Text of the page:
By Howard Hwang, 14, Marshall High School
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Sometimes I wish my parents were not Korean. They have such high expectations for me. But it’s not just me — almost all of my Asian friends feel the same way.

My friends and I talked about this and realized that Asian parents have way more expectations than non-Asian parents do. We’re supposed to get straight A’s in school plus take art lessons and Korean classes on weekends. Our lives are bogged down with academics seven days a week.

I wake up for school every day at 6 a.m. School starts at 7:30 a.m. and ends at 3:15 p.m. Afterward, I go to my school’s library for tutoring for the next two hours, until it closes. Then I go to my neighborhood library to study until 7:30 p.m., when my mom picks me up. Sometimes I have to study a few more hours when I get home.

My parents expect me to get straight A’s, excel as an Eagle Boy Scout, be first cello in my orchestra, maintain my black belt in Tae Kwon Do and join clubs in my high school all the while diligently practicing piano and cello. I’ve got to take art classes and write for L.A. Youth. I have so much to do, I had to quit football, even though I made the team.

My dad tells me that all this work will pay off in the end, that when I’m on the job later in life, I will be used to pressure and be able to perform well under it.

"It will prepare you for the future," he says all the time.

I wish I could take a break

But I’ve been doing this for a few years already and am getting tired of it. Sometimes I just want to chill out.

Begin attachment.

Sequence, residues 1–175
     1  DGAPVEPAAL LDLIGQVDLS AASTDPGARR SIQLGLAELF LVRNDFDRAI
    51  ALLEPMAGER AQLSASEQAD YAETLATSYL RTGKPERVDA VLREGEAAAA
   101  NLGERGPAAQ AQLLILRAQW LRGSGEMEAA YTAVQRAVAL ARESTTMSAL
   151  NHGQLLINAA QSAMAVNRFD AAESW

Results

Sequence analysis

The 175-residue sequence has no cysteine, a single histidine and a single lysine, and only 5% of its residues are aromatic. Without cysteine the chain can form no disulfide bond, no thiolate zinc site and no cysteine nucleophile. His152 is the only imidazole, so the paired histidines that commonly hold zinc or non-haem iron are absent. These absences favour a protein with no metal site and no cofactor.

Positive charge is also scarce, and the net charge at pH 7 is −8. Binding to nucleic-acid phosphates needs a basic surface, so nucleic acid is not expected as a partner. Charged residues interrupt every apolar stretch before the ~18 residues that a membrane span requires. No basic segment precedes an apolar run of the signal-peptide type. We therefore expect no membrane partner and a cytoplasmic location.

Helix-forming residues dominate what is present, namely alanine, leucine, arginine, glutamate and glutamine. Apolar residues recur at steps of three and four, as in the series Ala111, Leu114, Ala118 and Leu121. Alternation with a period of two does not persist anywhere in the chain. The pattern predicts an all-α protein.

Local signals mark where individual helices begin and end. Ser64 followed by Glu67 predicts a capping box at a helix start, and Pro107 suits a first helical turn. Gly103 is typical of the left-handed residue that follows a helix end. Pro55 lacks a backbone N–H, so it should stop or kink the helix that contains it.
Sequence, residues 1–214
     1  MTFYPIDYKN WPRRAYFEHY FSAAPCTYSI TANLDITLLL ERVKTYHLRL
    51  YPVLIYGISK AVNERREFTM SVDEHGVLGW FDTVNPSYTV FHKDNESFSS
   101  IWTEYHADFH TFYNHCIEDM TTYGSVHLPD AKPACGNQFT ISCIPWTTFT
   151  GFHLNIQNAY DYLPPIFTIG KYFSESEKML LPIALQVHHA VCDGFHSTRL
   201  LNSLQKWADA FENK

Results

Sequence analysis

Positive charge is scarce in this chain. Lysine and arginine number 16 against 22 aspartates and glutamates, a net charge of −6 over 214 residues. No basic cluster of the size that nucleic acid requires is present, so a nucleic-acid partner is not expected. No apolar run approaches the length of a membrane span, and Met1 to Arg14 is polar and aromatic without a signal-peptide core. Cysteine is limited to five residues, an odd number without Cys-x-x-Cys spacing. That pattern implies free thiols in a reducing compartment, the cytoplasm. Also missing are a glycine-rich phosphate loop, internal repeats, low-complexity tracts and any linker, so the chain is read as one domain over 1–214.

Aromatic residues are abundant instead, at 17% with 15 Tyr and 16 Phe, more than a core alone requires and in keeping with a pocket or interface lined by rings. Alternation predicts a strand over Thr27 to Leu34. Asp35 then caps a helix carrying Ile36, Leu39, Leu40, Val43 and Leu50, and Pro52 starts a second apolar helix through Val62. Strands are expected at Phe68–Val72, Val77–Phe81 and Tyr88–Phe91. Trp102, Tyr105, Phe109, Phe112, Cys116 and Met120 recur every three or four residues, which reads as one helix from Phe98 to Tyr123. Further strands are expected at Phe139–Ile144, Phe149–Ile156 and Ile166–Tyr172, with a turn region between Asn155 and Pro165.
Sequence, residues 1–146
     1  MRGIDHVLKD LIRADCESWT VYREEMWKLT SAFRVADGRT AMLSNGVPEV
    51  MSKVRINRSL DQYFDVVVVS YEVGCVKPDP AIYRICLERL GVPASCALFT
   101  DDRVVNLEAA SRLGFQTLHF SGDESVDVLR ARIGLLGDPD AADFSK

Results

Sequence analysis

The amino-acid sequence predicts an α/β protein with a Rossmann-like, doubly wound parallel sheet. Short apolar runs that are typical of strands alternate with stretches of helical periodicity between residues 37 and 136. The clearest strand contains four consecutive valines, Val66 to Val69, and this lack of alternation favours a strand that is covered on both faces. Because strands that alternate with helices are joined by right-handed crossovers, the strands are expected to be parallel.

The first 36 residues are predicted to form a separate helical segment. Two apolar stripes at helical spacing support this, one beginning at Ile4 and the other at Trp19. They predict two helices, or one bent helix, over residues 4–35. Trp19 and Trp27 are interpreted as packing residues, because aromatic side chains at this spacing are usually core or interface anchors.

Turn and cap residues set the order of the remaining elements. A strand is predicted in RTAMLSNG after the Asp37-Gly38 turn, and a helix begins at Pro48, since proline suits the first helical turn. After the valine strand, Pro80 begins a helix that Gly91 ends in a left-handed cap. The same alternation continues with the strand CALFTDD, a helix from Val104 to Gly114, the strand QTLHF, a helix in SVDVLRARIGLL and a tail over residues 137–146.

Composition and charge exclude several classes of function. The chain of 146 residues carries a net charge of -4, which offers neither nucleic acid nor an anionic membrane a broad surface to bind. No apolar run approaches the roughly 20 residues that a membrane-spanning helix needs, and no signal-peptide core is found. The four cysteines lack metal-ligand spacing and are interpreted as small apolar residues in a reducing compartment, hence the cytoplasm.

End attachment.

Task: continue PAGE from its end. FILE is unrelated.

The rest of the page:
In my family, I feel stranded in a house of high expectations. Starting with my dad—he’s a professor of molecular biology at Korea’s Hallym University. He’s starting a biotech company which will create medical products. My mom is the layout manager for the Korean Times here in Los Angeles.

I know that my parents have worked hard to be where they are right now. After they immigrated from Korea, my dad applied to UCLA from Korea, got accepted and immigrated here. He studied for six years and then got his Ph.D. My mom got a job in the Korean Times because she had worked on a similar newspaper in Korea.

They both grew up in the Korean education system, which is much harsher than the American system. Schools days are much longer. Students have 15 subjects a day. If they don’t follow orders, they get spanked. Maybe all this made my parents have high expectations. But I wish they would just give me a break.

My parents want me to be more like my amazing overachieving sister, Sharon. She now attends Yale University. In high school, Sharon won more than 40 awards from a variety of art, essay and extracurricular activities. She also had many hours of community service and even went to Japan for a week as a young ambassador.

Since my sister did so well, maybe my parents got the idea that this was what an ordinary student can do. Maybe they want me to be exactly the same as her. But I’m not.

Sometimes I wish my dad didn’t have such an intense study-based job. I bet if he were something like a grocery store manager or had some kind of job that didn’t require so much study, I would have a much easier life.

My dad once told me that since that I am a doctor’s son, I must be able to follow in his footsteps. I guess that means being successful and having to pass down the same expectations to my children. But I won’t do that to my children. I will just expect them to try their best.

When I look at it from a different point of view, I realize that my parents are just trying to do what is best for me. My dad explains it to me that in terms of "survival of the fittest" and says I should try my best and work hard as a first-generation child of an immigrant. But can’t he cut me some slack?

I have an American friend who complains about his 30-minute daily piano practice. He has one activity and feels overloaded. I could only wish to have that.

If I had it my way, I’d spend my extra time doing, well, I don’t know. I haven’t even thought about how I’d use my extra time, because I’ve never done anything else.
I am not saying American parents let their kids off easy or anything, but I am sure saying that Asian parents, especially my own, can sometimes be a lot to handle.